I keep secrets from my wife.
Just last week, the kids were released early from school, due to a heat wave and old buildings with no air conditioning. While debriefing the shortened day, they mentioned their mom had taken them to an ice cream shop the day before after the early dismissal. It seemed like a random comment, but I’m sure it was strategic.
They know how to work me.
And I knew they didn’t need the sugar two days in a row, and I knew we didn’t need to spend the money, but who doesn’t want to be the cool-dad, especially when you’re married to a woman who’s always the cool-mom?
So, we piled in the car.
When we got home, I collected the empty ice cream cups, and I buried them deep in the garbage. I actually did that. Rearranged some dirty paper towels over the top of them. Like I was six years old again, sneaking a spoonful of fudge swirl from the freezer at 6am.
Of course, when I was six, I didn’t have three accomplices to spill the beans.
When my wife got home and asked about our afternoon, I didn’t mention the ice cream. But my partners in crime did. And I cringed. I cringed a little because I got caught. But I cringed a little more because marriage isn’t a place for secrets.
It’s a place for pouring them out.
Our Secrets Make Us Sick
When we get married, we gain a spouse. But oftentimes, we don’t end up treating them like a spouse. We wind up treating them more like a parent, and we act more like a kid. Why? Because it’s a role we know. It may not be terribly satisfying, but it is terribly familiar. It’s a well-worn path in the wild woods of love and, though the path may be frustrating at times, at least we know where we’re going.
We live our marriages like we might get grounded at any moment and, instead of doing what it will take to stay in love, we mostly just try to stay out of trouble.
Like the spouse who orders every NFL game on cable and then holds his breath, hoping his wife doesn’t wonder why the networks are showing the Tennessee Titans for the third week in a row. Or the spouse who binges at the department store and then swipes the credit card bill from the mailbox, like a high school kid beating her parents home to the report card in the mail.
Sure, these are small secrets. But small secrets multiply. And grow.
And our secrets make us sick: the bills that are getting paid a little too late because there’s too little money to pay them. The addiction we know is getting a little too addictive. The conversation with a co-worker that goes on a little too long. The heart that is getting a little too hard and little too cold.
Marriage can quickly become a garbage can in which we bury our secrets.
Like clandestine cups of ice cream.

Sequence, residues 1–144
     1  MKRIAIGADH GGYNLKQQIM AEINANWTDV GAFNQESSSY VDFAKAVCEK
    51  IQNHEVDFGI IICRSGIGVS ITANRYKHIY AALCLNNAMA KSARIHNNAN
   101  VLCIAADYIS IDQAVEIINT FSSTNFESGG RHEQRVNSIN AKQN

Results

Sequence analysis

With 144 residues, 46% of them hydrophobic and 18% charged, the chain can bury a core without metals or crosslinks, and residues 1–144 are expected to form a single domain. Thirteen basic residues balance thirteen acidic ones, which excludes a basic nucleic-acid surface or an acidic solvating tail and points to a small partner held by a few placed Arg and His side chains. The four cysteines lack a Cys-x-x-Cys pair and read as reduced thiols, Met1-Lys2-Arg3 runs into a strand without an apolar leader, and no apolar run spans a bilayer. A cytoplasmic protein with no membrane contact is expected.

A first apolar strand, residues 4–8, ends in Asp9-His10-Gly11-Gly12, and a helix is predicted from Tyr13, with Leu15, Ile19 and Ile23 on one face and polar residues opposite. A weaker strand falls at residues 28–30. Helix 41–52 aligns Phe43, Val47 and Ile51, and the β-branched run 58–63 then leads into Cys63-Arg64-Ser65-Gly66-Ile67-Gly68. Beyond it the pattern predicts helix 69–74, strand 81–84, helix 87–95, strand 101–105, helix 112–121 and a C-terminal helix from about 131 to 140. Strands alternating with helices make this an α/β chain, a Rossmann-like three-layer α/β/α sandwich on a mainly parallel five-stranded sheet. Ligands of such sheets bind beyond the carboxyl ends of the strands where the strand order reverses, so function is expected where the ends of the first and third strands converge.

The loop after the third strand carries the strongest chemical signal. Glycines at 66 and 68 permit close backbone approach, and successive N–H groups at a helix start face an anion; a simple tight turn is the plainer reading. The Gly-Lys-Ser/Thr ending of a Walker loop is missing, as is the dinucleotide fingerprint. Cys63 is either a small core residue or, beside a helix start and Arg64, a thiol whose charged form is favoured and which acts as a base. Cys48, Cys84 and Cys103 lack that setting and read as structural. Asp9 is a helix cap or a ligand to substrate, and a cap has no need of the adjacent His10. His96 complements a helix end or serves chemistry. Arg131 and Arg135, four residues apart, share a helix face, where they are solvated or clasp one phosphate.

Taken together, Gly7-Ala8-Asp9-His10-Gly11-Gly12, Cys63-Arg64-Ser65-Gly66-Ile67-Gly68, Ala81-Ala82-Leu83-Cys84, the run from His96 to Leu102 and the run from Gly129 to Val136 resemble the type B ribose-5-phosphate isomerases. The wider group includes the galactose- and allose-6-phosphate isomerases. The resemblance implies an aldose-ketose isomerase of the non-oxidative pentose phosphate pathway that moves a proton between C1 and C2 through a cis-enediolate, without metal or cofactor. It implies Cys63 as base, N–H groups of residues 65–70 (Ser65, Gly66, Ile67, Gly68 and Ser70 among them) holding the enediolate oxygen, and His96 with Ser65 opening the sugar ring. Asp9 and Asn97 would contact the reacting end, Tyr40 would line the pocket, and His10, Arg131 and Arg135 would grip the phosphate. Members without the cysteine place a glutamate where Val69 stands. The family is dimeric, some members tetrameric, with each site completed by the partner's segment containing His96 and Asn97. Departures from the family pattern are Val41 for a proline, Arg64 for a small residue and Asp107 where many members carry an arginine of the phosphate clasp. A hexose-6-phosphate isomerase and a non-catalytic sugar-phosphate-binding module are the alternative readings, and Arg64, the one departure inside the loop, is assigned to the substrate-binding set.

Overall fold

Pouring Them Out
Last week, I wish I’d lined those cups of ice cream right up on the counter.
I wish, when my wife arrived home, I’d said to her, “We got ice cream today, because when I found out you took the kids yesterday, it stirred up all of my insecurities. I think you’re a really good parent, but I’m not so sure about myself. You’re good at having fun, and I’m good at getting frustrated by the mess the fun creates. You’re good at spontaneous, and I’m good at worrying about what won’t get done while we frolic. If you were my mom, I’d love being with you, but if I was my dad, I’m not so sure how I’d feel about me. So, I tried to be fun and spontaneous, but to tell you the truth, I was mostly just trying to keep up with you.”
I wish I’d poured out my secrets all the way to the bottom.
Yet, that’s the nice thing about secrets—they don’t go away on their own, and it’s never too late to empty ourselves of them. It’s never too late to tell each other not just what we’ve done, but also why we did it.
It’s never too late to make our actions known, and our hearts seen.
The Definition of Intimacy
True intimacy is not the absence of privacy or the absence of boundaries or the absence of a separate self. We need to have our own spaces and limits and identity.
True intimacy is the absence of secrets.
True intimacy is what happens when the floor of our marriage is covered with our garbage, because we are two people dumping it all out and figuring out how to clean up the mess together. It may take a while and it may be gritty work, but we will find ourselves healing the whole time. Because it isn’t what we’ve done or who we are that makes us sick.
It’s our hiding that does that.
May our marriages be full of garbage. And emptied of secrets.
In his debut novel, Kelly weaves a page-turning, plot-twisting tale that explores the spiritual depths of identity and relationships, amidst themes of healing, grace, faith, forgiveness, and freedom.
Connect with Kelly
Dr. Kelly Flanagan is a psychologist, author, consultant, and speaker who enjoys walking with people through the three essentials of a truly satisfying life: worthiness, belonging, and purpose. His blog writings have been featured in Reader’s Digest, The Huffington Post, The 5 Love Languages, and the TODAY Show. Kelly is the author of Loveable and True Companions.